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4 things to know about child custody in North Carolina

In any divorce between parents, the most common - and often most contentious - dispute is about who will get custody of the children.

When both parents want custody, what happens? If the parents can't reach an agreement on their own, how will the issue be decided?

The children's needs matter most

In North Carolina, the primary question asked in every child custody and visitation case is "what is in the children's best interests?" The goal is to create an arrangement that maximizes the children's chances of being healthy, happy and successful.

Parents who show they are able to put their children's needs first have a much better chance of getting custody or visitation time.

There's no gender bias in the law

Some people think that mothers will automatically get custody after a divorce. This isn't true. The law says nothing about gender, and both mothers and fathers have equal standing.

With that said, courts do not like to disrupt children's usual routines if that can be avoided. If one parent has historically been the primary caregiver, it is more likely that he or she will get custody.

Custody can be shared

But only if the parents can commit to working together. If parents cannot collaborate and compromise, joint custody may actually hurt the children.

It is important to distinguish between "legal" custody and "physical" custody. Legal custody refers to the ability to make major decisions about the children's upbringing: things like schooling, medical care, religion and the like.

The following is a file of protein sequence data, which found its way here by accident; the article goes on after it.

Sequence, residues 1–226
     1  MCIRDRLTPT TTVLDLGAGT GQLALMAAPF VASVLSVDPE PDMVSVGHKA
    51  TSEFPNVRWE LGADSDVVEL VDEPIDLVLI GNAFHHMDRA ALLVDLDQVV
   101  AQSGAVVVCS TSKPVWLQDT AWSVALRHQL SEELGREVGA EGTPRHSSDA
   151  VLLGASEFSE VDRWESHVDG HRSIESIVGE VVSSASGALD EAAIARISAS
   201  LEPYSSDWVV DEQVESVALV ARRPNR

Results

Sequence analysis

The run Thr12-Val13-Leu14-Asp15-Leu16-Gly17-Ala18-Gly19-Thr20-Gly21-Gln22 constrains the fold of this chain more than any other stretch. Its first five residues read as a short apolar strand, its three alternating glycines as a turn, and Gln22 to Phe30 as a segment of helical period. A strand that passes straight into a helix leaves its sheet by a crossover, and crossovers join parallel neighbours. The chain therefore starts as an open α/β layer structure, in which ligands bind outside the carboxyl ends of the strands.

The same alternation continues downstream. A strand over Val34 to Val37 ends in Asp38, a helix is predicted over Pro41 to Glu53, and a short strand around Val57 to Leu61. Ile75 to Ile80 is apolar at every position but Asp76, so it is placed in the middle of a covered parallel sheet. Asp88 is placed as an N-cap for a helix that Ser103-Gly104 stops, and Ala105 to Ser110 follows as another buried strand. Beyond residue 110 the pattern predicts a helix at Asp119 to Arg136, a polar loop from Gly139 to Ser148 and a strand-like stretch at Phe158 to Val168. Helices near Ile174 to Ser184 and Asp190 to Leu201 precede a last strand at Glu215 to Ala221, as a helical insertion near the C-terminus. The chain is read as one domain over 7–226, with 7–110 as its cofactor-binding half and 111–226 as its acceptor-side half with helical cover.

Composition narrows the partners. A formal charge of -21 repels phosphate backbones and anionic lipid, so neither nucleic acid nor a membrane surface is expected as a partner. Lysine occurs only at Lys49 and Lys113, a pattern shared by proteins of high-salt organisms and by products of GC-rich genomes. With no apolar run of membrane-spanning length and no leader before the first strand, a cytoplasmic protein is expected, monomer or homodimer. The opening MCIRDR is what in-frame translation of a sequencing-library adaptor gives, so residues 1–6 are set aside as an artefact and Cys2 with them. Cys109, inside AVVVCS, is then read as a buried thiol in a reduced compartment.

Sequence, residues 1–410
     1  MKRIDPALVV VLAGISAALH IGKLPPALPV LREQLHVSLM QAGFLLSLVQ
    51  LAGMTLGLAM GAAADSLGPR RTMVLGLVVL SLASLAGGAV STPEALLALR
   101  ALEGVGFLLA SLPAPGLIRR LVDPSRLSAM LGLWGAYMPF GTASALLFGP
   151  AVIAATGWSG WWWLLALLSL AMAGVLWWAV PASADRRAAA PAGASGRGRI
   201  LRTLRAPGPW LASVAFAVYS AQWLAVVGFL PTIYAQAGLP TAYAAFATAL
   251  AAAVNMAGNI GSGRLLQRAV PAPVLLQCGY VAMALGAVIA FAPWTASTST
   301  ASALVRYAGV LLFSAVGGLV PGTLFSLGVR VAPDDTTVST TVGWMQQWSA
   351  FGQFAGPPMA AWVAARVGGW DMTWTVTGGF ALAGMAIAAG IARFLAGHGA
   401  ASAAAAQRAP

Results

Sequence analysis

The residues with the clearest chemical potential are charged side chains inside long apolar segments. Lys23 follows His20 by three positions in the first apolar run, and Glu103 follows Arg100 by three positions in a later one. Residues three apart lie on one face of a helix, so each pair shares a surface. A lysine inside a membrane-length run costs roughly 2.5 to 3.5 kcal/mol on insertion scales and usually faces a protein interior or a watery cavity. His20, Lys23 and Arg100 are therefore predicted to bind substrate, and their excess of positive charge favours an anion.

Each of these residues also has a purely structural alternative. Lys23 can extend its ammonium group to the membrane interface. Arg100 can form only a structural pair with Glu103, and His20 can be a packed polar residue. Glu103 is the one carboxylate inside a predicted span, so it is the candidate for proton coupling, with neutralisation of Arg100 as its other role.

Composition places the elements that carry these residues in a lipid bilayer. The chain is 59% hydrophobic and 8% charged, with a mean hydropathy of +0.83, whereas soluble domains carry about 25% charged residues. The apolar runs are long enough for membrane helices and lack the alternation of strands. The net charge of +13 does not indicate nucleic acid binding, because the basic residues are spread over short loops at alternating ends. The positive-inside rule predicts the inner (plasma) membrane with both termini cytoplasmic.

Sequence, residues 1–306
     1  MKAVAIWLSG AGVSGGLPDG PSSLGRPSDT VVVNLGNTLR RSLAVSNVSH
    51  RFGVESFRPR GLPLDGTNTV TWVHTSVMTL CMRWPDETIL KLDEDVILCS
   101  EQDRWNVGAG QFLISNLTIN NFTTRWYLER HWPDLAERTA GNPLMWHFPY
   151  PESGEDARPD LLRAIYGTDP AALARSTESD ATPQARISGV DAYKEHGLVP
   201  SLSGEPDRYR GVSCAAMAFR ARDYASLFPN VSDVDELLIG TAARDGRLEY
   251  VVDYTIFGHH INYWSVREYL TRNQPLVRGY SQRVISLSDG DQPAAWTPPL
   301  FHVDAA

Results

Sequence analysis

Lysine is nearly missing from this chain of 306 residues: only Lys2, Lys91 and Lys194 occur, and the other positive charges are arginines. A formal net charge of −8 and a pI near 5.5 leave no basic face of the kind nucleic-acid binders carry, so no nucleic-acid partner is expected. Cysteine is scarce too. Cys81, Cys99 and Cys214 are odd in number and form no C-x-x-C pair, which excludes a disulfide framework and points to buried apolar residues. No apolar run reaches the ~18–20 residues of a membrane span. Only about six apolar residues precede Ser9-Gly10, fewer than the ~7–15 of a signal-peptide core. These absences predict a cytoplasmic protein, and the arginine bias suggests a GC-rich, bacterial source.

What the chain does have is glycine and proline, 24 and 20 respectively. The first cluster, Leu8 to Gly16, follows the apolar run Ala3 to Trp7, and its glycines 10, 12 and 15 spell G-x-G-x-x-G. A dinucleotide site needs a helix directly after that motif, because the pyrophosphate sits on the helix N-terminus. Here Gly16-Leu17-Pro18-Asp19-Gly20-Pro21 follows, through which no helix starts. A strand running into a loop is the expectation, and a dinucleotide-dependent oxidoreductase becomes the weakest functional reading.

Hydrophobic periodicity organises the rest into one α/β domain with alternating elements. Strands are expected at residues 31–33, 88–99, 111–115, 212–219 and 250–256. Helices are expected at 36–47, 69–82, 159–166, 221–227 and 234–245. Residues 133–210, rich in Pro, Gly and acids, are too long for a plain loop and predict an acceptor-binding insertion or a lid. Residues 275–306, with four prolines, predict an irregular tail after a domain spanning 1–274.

Physical custody, on the other hand, refers to where the child will live. It is less common for physical custody to be shared since moving frequently between homes can be disruptive for children. More often, one person has physical custody and the other has visitation. The extent and frequency of that visitation can vary greatly depending on the family's circumstances.

Honesty is the best policy

If you're getting divorced, your best plan is to be open and honest with your lawyer from day one. Be clear about what you want to get out of your child custody case. If there are any factors that might weigh against you, be honest about them, even if they might seem embarrassing. It's much better to be prepared than surprised. Similarly, if you have concerns about your ex's parenting, mention those as well.

Remember, everything you say to your lawyer is held in confidence. Just because you talk about something in a meeting doesn't necessarily mean that you have to bring it up in negotiations or in a hearing. The more your attorney knows, the better your chances of a successful outcome.

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